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No. 191, 08 October 1991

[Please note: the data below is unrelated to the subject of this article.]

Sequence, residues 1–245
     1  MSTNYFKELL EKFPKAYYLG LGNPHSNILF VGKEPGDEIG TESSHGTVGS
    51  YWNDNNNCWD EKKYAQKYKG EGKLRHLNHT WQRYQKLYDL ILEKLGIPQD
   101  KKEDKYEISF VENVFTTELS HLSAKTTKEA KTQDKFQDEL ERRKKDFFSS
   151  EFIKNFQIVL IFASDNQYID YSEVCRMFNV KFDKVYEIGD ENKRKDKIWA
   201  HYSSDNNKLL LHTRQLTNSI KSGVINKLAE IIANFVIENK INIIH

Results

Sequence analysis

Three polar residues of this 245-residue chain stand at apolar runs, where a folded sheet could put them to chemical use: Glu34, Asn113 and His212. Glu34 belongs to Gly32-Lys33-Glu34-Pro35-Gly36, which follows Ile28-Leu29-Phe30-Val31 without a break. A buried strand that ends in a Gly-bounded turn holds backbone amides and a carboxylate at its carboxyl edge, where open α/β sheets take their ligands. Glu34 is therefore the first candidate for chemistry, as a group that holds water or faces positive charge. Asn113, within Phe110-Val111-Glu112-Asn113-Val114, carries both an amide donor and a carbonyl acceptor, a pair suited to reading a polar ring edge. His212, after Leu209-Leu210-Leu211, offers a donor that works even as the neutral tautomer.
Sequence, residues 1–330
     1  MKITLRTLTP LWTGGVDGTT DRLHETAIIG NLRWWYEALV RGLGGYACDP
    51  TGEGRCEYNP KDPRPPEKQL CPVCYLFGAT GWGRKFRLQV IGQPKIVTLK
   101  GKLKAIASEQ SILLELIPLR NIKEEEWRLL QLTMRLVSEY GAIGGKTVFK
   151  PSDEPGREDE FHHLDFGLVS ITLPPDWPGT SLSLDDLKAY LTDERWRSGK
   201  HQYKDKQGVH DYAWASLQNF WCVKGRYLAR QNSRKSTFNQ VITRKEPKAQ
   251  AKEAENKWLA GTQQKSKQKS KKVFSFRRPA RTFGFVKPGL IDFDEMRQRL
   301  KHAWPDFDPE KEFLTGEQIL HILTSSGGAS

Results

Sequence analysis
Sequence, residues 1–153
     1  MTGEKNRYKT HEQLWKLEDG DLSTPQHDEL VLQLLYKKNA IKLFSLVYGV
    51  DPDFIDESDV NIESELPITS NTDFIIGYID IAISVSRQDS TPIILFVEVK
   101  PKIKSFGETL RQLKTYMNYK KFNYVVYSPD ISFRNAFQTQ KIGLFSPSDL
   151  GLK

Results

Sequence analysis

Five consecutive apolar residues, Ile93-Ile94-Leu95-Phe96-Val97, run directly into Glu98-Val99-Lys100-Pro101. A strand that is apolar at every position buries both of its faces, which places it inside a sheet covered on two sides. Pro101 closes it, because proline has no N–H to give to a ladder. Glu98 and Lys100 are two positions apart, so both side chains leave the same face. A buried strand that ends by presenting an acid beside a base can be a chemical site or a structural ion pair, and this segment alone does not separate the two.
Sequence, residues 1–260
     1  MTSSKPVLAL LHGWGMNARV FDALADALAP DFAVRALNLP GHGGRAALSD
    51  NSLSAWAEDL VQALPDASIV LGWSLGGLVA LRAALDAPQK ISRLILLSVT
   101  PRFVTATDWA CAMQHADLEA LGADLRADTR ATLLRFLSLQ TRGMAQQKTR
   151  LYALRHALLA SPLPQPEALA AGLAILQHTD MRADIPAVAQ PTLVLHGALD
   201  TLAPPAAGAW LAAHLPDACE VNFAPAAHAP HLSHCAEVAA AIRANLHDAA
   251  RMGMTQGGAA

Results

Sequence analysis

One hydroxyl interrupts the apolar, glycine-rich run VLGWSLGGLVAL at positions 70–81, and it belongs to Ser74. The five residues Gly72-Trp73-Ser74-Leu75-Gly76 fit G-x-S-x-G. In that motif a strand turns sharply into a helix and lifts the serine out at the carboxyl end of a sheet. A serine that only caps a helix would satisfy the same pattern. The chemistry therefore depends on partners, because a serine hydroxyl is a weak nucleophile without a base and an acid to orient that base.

USSR--ALL-UNION TOPICS AND RSFSR EC AID PACKAGE APPROVED. European Community finance ministers tentatively approved in principle a $1.5 billion food and medical aid package for the USSR on October 7, Western agencies reported that day. The new credit line is understood to be in addition to the $610 million in credit guarantees and $300 million in food donations approved by the EC in December 1990. The ministers approved the sum on condition that similar amounts were forthcoming from the US and Canada together, and Japan. Dutch Finance Minister Wim Kok said that the credit facility was a contingency program and would be "put into practice when we are sure what the needs are." (Keith Bush) SABUROV ON ECONOMIC TREATY. RSFSR Minister of Economics Evgenii Saburov discussed in an interview on Central Television on October 7 the opposition in the RSFSR to the economic treaty he approved provisionally in Alma-Ata. Saburov argued that Russia needed the treaty and said that Russia had managed to get rid of most of the articles it did not like. He said that the treaty had been approved in the main by Yeltsin. It should be signed first by Yeltsin, then ratified by the RSFSR Supreme Soviet, but Saburov thought Yeltsin would consult the Supreme Soviet first so that ratification did not lead to confrontation between Yeltsin and the Supreme Soviet. (Ann Sheehy) MUTUAL MILITARY STRUCTURES IN EUROPE PROPOSED. Representatives of the Russian State Committee on Defense have suggested at an international conference of American and Soviet defense experts in Washington that the US and the Soviet Union create joint military structures for security in Europe, according to an RFE/RL report from Washington on October 8. Yeltsin's military adviser, General Konstantin Kobets, stressed that a "single system unit for collective security" is needed. Russian government officials said that the Soviet Union has lost control over former clients in the Third World and cannot influence policies in Vietnam or Cuba. (Alexander Rahr) NEW ADMINISTRATION CREATED IN RUSSIAN KGB. A new administration has been created in the RSFSR KGB. Vesti on October 7 interviewed Colonel Sergei Almazov, chief of the Administration for Fighting Organized Crime, who said that his main task will be to combat corruption at the government level. Almazov also stressed the need to fight economic crimes. He said his administration will closely observe the work of cooperatives and joint ventures. The Russian KGB further strengthened its structures by taking over an electronic intelligence service in Khabarovsk oblast, which KGB chief Bakatin had wanted to reduce, according to Kommersant No 38. (Alexander Rahr) SOVIET MERCHANTMEN BARRED FROM SUEZ CANAL. Suez Canal authorities and maritime sources reported on October 7 that 24 Soviet merchant ships are stranded at both ends of the canal because they cannot pay the transit tolls in advance, Western agencies reported that day. The Aswan Maritime Agency, which handles Soviet vessels, said that it had received no dollar transfers from Moscow in order to pay the estimated $1million plus required for transit tolls. (Keith Bush) PROPOSAL FOR ECONOMIC CONFERENCE OF OBLASTS AND KRAIS. Aman Tuleev, chairman of the Kemerovsky oblast soviet, has proposed a meeting of representatives of oblasts and krais from all republics in order to reach agreement on economic activities, Radio Mayak reported October 7. In a letter to USSR President Mikhail Gorbachev and RSFSR President Boris Yeltsin, Tuleev proposed that the meeting be held in the Kuzbass. Tuleev's proposal is interesting, inasmuch as any resulting agreement would likely be independent of interrepublican relations. (John Tedstrom) URAL-KONVERSIYA-91: Within the framework of regional cooperation on the difficult process of converting military industries to civilian production, an exhibition of civilian products from the defense sector has opened in Ekaterinburg, Izvestia reported October 3. The exhibition includes products from some 60 regional defense plants and runs through October 11. In light of the stalled efforts to implement a national conversion plan, regional and local efforts have become increasingly important--and effective--substitutes. (John Tedstrom) HOME GUARD BEING SET UP IN TATARSTAN. Enrollment of volunteers in home guard units has started in Kazan', TASS reported October 7, citing Sovetskaya Rossiya of October 8. The enrollment is a reaction to the recent statement by acting chairman of the RSFSR Supreme Soviet Ruslan Khasbulatov that the RSFSR would "tolerate no forms of national sovereignty on its territory neither Tatar nor Chechen-Ingush." The tasks of the home guard will be to defend the sovereignty of the republic, see order is maintained at mass political events, and ensure the transfer of Union and RSFSR enterprises to the jurisdiction of the republic. (Ann Sheehy) CPSU CC RESOLUTION ON DESTRUCTION OF ARCHIVES. Even before the attempted coup in August, the CPSU CC issued a resolution addressed to all Party archives instructing them to destroy documents concerning the activities of Party officials. The RSFSR TV news program Vesti reported October 7 it obtained a copy of the instruction sent to the city of Ul'yanovsk. The specific instruction to the Ul'yanovsk Party archive was to destroy 300,000 out of 500,000 documents kept there by September 1 of this year. (Vera Tolz) PAMYAT' STARTS ITS OWN RADIO BROADCASTS. The radio station "Fatherland, Memory and You," backed by the extremist Pamyat' National Patriotic Front, went on the air for the first time on September 29, "Postfactum" reported September 28. The radio's transmitter is reportedly located in the flat of Pamyat' leader Dmitrii Vasil'ev. Vasil'ev told "Postfactum" that the radio station has been registered at the RSFSR Ministry of Information and Mass Media. (Vera Tolz) NEW INDEPENDENT RADIO STATION TO START IN MOSCOW. A new private radio station will start broadcasting in Moscow in mid-October, Radio Mayak reported September 28. The radio station, called "Rezonans," will stay away from political issues and will broadcast business and stock exchange news, trade proposals, and advertisements. (Vera Tolz) JUNTA'S LAWYER SUES PROSECUTION. In an move unprecedented in the USSR, a defense counsel has brought legal action against the office of the RSFSR General Prosecutor, claiming that the arrest of his client was illegal (Izvestia, October 2). Aleksandr Kligman is defense counsel for Vladimir Grushko, the former KGB deputy chairman jailed for his involvement in the coup. The warrant for Grushko's arrest was issued by the office of RSFSR General Prosecutor Valentin Stepankov. Even more unusual, the RSFSR Supreme Court has agreed to consider Kligman's complaint. In an interview with Izvestia, the court's chairman Vyacheslav Lebedev cited the International Covenant on Human Rights as saying that such warrants should be issued by courts of law, not by prosecutors, as provided by Soviet law. The junta's lawyers chose to defend their clients on the grounds that Soviet laws are defective and contradict universally accepted human rights standards. (Julia Wishnevsky) TWO BAKLANOVS ARE POLES APART. Grigorii Baklanov, a liberal writer and chief editor of the pro-reform literary monthly Znamya, is going to sue a number of French, British and Austrian newspapers and magazines that, during the coup, published his photograph instead of that of Oleg Baklanov, a member of the Emergency Committee, Izvestia reported October 2. The writer's lawyer will demand considerable financial compensation for an eventual loss in sales of his books, Izvestia wrote, adding that the publishers of the media concerned are lucky that Oleg Baklanov is unlikely to sue them in turn, since prison rules forbid him access to any foreign newspaper or journal. (Julia Wishnevsky) RAISA RECALLS EVENTS IN CRIMEA. Raisa Gorbacheva said during an interview on Central TV on October 6 that the Gorbachev family and others who were detained with them in the Crimea on August 18-22 discussed the possibility of escaping but finally rejected this option because of concern for Gorbachev's safety. She remarked that she feels bitter when Soviet journalists portray the coup as a humorous event, because for her family it was a tragedy. Raisa also said that the Gorbachev's home atmosphere has become much gloomier since the coup. (Julia Wishnevsky) INTERNATIONAL CHRISTIAN UNION OF YOUTH AND FAMILY IN OMSK. TASS reported on October 6 that a department of Christian Union of Youth and Family, an international organization with branches in 110 countries, has appeared in Omsk. The organization furthers religious and moral education, sports, culture, and charity. Omsk is the second Soviet town where a department of the Christian Union has been organized; the first was in Moscow. The activities of the organization have the blessing of Russian Orthodox Patriarch Aleksii II. (Oxana Antic) PATRIARCH ALEKSII IN SYRIA. TASS reported on October 5 that during the visit of Patriarch Aleksii II to Syria, the head of the Russian Orthodox Church met with Syrian president Hafiz Assad. He had previously met with the head of Al-Azhar University in Cairo. The Patriarch described his trip to the Middle East as cementing Orthodox unity in the region and initiating brotherly contacts with other Christian confessions and also with Muslim leaders. (Oxana Antic) PROBLEM CONCERNING HASSIDIC MANU-SCRIPTS STILL UNSOLVED. The Director of the Lenin Library in Moscow, Anatolii Volik, told TASS that the fate of the 12,000 Hassidic books and 400 manuscripts kept in the library has not yet been solved, TASS reported October 6. The Hassidic community has asked that these unique documents be returned to them so they can be sent to the New York based religious center "Agudas Hassidei Habad." (Hassidim in Moscow picketed the library in September, demanding the return of the books: see Daily Report, September 9). (Oxana Antic) USSR--OTHER REPUBLICS CALL FOR PRESIDENTIAL RULE IN GEORGIA. Political groups that support Georgian President Zviad Gamsakhurdia called October 7 for the dissolution of parliament and the imposition of presidential rule; they also advocated the banning of opposition parties and organizations and the arrest of their leaders, and revoking the citizenship of government opponents, Western news agencies reported October 7. Students began a sit-in October7 at Tbilisi University to demand freedom of the press and the withdrawal of Gamsakhurdia's troops from Tbilisi, RIA reported October 7. (Liz Fuller) KRAVCHUK ON FOREIGN VISITS, INDEPENDENCE AND NEW "UNIONS." Fresh from his visit to the US, Canada, and France, Ukrainian Supreme Soviet Chairman Leonid Kravchuk wasted no time in once again asserting Ukraine's new sovereignty and independence. Speaking at a press conference in Kiev on October 4, an upbeat Kravchuk expressed confidence that international recognition of Ukraine's independence would follow after the referendum on this issue on December 1. Kravchuk also reiterated his opposition to any new political "Union" with Moscow and former Soviet republics. Ukraine, he emphasized, will only consider entering into agreements "in which it does not lose a drop of its statehood." (Bohdan Nahaylo) UKRAINE DEMANDS PARTICIPATION IN NUCLEAR DISARMAMENT PROCESS. Kravchuk also told the press conference that Ukraine favors "destroying all nuclear weapons" under international supervision but until then would not relinquish control of its nuclear arms. Expressing concern for Ukraine's "safety and security," he rejected Yeltsin's proposal that the RSFSR take over the entire Soviet nuclear arsenal. Kravchuk declared that "it is important to preserve the status quo on the siting of nuclear weapons so that no single republic can take over the entire nuclear potential of the Union." "There must be unified control over nuclear weapons," he added, "and Ukraine should take part in it." Kravchuk also stressed that "As a state where nuclear weapons are stationed, Ukraine will demand participation in all future [nuclear disarmament] agreements." (Bohdan Nahaylo) UKRAINE PLANS TO CREATE ARMY OF 450,000. Radio Kiev reports that on October 7 the Presidium of Ukraine's Cabinet of Ministers approved a package of draft laws concerning the creation during the next two years of a Ukrainian National Guard and army. The draft laws forsee Ukraine's transformation, in accordance with the principles enshrined in the republic's Declaration of State Sovereignty, into a neutral state and a nuclear-free zone. It is envisaged that the size of the new Ukrainian army will not exceed 450,000 and that its role will be purely defensive. (Bohdan Nahaylo) UKRAINE HEADING FOR YES VOTE IN INDEPENDENCE REFERENDUM? With a crucial referendum on independence and presidential elections scheduled in Ukraine for December 1, the republic's sociologists are busy conducting opinion polls. According to Radio Kiev October 7, the latest survey conducted by the Institute of Sociology of the Ukrainian Academy of Sciences has 63% of the respondents supporting Ukraine's declaration of independence and 17.3% opposing it. A group of sociologists within the Institute that conducts surveys on behalf of the Ukrainian Supreme Soviet, however, gives figures of 74% in favor of independence and only 12% against. They also found that 41% of those questioned would vote for Kravchuk in the presidential elections and that just under 9% supported Vyacheslav Chornovil, who is emerging as Kravchuk's main rival. (Bohdan Nahaylo) MOLDAVIA DEFERS DECISION ON ECONOMIC PACT. The Moldavian parliament completed its regular session and adjourned October 4 without making a decision regarding Moldavia's membership in the "economic community of sovereign states" (the designation proposed by President Mircea Snegur and accepted at the Alma-Ata meeting in place of "economic union"). Although Snegur urged the parliament to empower the executive to sign the accord, many deputies requested additional information on the economic and political implications of the pact, and objected to what they felt was the perpetuation of an administrative center, Moldovapres reported October 4. Snegur reaffirmed that Moldavia would not consider any political agreements with the Union and that it would seek affiliations with "other economic communities" too. (Vladimir Socor) BALTIC STATES MIRONOV: SOVIET TROOP WITHDRAWAL MUST BE NEGOTIATED. Lieutenant General Valerii Mironov told TASS on October 7 that Baltic demands for Soviet troops to leave the three Baltic capitals by December 1 are unrealistic and must be negotiated. He said "the question of the period for withdrawing part of the Soviet army from the territory of Estonia, Latvia, and Lithuania must be decided at an inter-governmental level." (Dzintra Bungs) AGREEMENT REACHED ON LITHUANIAN AND POLISH MINORITIES. Meeting in Warsaw on October 4, Polish and Lithuanian foreign ministry officials agreed on a common declaration on the rights of minorities in the two countries, Western agencies reported that day. The declaration, to be signed later this month, guarantees that minorities will not be discriminated against in political life and will be able to satisfy their linguistic, cultural, and religious needs. (Dzintra Bungs) BALTIC STATES TO SIGN CSCE FINAL ACT. Estonia, Latvia, and Lithuania are expected to sign the Final Act of the Conference on Security and Cooperation in Europe on October 15, TASS reported on October 3. The signing ceremony is to take place at the Finlandia Hall where the CSCE Final Act was signed by the leaders of European countries, United States, and Canada on August 1, 1975. The Baltic States were officially included in the list of participants in the CSCE process at the recent Moscow human rights conference. (Dzintra Bungs) LITHUANIA JOINS UNESCO. While visiting London, Lithuanian President Vytautas Landsbergis signed the UNESCO Constitution on October 7, Western agencies reported that day. This gesture signified that Lithuania was joining the UNESCO and becoming the organization's 160th member. Estonia and Latvia are expected to join soon. (Dzintra Bungs) LATVIA, CHILE ESTABLISH DIPLOMATIC RELATIONS. RFE/RL's correspondent in New York reported on October 4 about the establishment of diplomatic relations between Latvia and Chile. A joint communique was issued at the United Nations that day in which the two states expressed confidence that this decision would lead to economic and cultural cooperation. (Dzintra Bungs) LITHUANIA, JAPAN REESTABLISH DIPLOMATIC RELATIONS. Lithuania and Japan formally reestablished diplomatic relations on October 7, Radio Riga and TASS reported that day. Notes to that effect were exchanged between Lithuanian Foreign Minister Algirdas Saudargas and Japanese Deputy Foreign Minister Muneo Suzuki. Suzuki is on a five-day tour of the Baltic States and will also reestablish diplomatic relations with Latvia and Estonia. (Dzintra Bungs)